Very sound reasoning, Mdettweiler. I hadn't factored in the possibility that other species outside of the El-Aurians that managed to escape Borg assimilation may not have been members of the Federation. By your reasoning, it basically would have appeared to be two warring alien species and would have gone against the Prime Directive for the Federation to interfere even if they had been aware of their presence without knowing exact details about either race. The events that transpired in ENT's "Regeneration" raises even more valid points, despite the fact that it wasn't even written until four years after "Dark Frontier." The fact that Captain Archer referenced Zefram Cochrane's later recanted speech about how the crew of the Enterprise-E traveled back in time in order to stop a cybernetic race from the future from preventing First Contact and enslaving the human race proves that it was, in fact recorded in Starfleet's database long before 24th Century Picard and crew eventually encountered them in "Q Who?" T'Pol's comments about Cochrane having an overactive imagination and frequently being in a state of inebriation eluded to the fact that most likely, both the Federation and Starfleet didn't believe his wild stories, but filed them anyway on the off-chance that it could one day be relevant information. I'm sure that after Archer and the NX-01's encounter with this still yet-to-be named race was also logged into the database as well, therefore making your theory about someone along the way connecting the proverbial dots between the information given by the surviving El-Aurians, Cochrane's drunken ramblings and the NX-01's encounter being eventually what motivated the Hansens to go on that research voyage at their own peril due to insufficient information about how truly vicious the Borg are.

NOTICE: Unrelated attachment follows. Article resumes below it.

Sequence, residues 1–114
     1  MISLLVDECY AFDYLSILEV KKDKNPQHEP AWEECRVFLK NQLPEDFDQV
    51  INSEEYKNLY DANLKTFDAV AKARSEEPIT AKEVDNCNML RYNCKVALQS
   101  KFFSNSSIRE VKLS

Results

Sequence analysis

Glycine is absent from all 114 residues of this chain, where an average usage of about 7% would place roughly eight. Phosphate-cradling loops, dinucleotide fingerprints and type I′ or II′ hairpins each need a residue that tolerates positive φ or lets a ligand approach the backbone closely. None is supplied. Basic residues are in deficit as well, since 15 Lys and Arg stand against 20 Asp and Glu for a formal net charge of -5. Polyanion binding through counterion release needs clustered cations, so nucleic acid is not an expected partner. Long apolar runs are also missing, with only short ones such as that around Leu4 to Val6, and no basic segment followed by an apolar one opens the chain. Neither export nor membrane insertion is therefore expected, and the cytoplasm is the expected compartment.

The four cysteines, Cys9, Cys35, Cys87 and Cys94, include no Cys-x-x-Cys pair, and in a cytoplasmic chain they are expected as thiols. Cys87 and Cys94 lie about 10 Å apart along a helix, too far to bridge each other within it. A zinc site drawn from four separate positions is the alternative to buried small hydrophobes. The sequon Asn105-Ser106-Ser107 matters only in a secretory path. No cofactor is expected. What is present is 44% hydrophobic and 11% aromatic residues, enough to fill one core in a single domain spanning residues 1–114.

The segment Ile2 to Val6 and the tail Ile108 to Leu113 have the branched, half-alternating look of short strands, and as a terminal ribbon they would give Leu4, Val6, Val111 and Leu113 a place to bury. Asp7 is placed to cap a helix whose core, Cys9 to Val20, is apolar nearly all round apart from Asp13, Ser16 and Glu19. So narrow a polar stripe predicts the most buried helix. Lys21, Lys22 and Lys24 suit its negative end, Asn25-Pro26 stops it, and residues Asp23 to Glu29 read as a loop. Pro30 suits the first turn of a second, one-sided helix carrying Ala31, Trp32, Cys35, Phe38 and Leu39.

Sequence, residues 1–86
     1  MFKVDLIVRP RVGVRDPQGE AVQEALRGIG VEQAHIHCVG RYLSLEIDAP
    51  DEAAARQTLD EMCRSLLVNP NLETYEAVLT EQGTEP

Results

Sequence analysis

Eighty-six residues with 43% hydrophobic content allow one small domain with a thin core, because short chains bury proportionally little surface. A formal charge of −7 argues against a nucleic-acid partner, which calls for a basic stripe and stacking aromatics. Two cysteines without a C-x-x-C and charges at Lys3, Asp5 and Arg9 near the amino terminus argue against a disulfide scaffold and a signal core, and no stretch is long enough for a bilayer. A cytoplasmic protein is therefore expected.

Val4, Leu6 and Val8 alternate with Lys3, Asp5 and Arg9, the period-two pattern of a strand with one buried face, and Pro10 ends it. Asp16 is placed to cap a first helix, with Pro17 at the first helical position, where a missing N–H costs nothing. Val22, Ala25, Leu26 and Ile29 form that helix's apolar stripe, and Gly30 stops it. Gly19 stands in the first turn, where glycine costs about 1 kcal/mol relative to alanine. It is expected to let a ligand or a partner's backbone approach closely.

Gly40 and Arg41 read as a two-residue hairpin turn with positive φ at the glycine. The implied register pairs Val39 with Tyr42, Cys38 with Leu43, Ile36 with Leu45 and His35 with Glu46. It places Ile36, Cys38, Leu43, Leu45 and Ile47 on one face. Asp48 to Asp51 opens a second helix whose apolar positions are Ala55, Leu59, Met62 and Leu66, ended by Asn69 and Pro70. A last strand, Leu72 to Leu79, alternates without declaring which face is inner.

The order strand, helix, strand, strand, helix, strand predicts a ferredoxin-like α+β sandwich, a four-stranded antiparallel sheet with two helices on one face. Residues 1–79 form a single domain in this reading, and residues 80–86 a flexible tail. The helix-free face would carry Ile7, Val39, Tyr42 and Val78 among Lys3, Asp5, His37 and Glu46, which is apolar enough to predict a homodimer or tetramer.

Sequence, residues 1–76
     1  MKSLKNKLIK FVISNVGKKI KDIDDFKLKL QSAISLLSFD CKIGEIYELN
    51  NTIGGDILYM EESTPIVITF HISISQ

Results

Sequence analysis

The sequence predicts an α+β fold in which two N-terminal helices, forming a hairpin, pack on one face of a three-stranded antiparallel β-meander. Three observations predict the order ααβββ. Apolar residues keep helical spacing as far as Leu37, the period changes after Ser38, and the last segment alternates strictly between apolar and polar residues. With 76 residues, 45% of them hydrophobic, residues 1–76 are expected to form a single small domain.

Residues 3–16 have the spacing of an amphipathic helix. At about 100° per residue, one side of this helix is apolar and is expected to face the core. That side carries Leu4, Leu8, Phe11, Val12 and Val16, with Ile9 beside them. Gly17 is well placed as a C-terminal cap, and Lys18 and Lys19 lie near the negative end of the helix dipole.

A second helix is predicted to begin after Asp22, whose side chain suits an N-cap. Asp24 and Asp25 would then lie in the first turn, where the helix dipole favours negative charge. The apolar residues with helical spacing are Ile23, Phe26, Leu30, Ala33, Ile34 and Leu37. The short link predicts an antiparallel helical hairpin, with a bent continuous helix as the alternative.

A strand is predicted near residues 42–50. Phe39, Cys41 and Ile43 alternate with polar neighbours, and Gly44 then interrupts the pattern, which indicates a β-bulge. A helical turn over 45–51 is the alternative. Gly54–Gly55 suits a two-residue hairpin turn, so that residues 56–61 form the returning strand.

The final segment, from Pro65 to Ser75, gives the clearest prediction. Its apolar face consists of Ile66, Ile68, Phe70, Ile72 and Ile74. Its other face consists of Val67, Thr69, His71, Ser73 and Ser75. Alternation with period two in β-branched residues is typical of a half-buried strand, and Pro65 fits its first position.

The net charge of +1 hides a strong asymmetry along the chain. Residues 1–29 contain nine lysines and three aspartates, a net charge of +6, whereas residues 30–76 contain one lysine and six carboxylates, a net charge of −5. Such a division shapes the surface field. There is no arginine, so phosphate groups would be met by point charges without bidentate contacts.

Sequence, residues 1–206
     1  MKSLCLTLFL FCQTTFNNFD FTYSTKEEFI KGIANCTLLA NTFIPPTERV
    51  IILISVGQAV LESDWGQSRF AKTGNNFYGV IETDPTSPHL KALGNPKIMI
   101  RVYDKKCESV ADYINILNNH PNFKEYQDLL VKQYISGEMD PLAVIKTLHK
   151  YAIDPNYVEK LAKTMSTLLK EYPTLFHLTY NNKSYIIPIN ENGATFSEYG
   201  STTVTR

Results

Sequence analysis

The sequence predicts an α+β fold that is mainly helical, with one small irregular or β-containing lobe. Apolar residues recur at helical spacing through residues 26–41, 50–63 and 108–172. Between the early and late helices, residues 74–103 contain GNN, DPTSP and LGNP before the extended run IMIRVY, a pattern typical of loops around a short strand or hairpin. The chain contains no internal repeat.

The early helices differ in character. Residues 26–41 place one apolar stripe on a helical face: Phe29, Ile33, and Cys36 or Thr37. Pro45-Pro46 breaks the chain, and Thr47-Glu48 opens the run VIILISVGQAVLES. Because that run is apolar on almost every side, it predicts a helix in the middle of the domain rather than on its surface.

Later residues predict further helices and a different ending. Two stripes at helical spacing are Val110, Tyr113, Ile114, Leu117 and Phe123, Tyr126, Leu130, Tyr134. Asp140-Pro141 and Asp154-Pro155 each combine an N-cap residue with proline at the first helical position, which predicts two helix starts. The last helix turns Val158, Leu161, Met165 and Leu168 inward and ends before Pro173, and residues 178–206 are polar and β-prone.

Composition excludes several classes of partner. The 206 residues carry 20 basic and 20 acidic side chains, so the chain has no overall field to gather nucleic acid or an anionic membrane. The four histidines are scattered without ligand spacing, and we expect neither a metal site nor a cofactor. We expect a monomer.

Unlike "Dark Frontier," I found "Regeneration" to be an extraordinary well-written episode that covered all of its bases: it put closure of sorts on what eventually became of the wreckage of the Borg sphere from ST: First Contact, didn't disturb canon, was genuinely entertaining as far as the storyline was concerned, and most importantly, it didn't leave any loose ends once the episode was over. It actually laid the groundwork for the Enterprise-D's eventual first encounter with the Borg in the 24th Century, which I thought was brilliant. And now that I think about it, "Regeneration" basically redeems almost all of the concerns that I raised about "Dark Frontier." Along with your theories, the episode really does make much more sense to me now and I'm not focusing so much on the timeline or Picard and the crew of the Enterprise-D's lack of knowledge of the Borg. They just weren't perceived as a threat to Starfleet or the Federation until the events that transpired in "Q Who?" and "The Best of Both Worlds."

Thanks for your insights. They're very much appreciated.

-- Danyiel73 11:16, March 15, 2010 (UTC)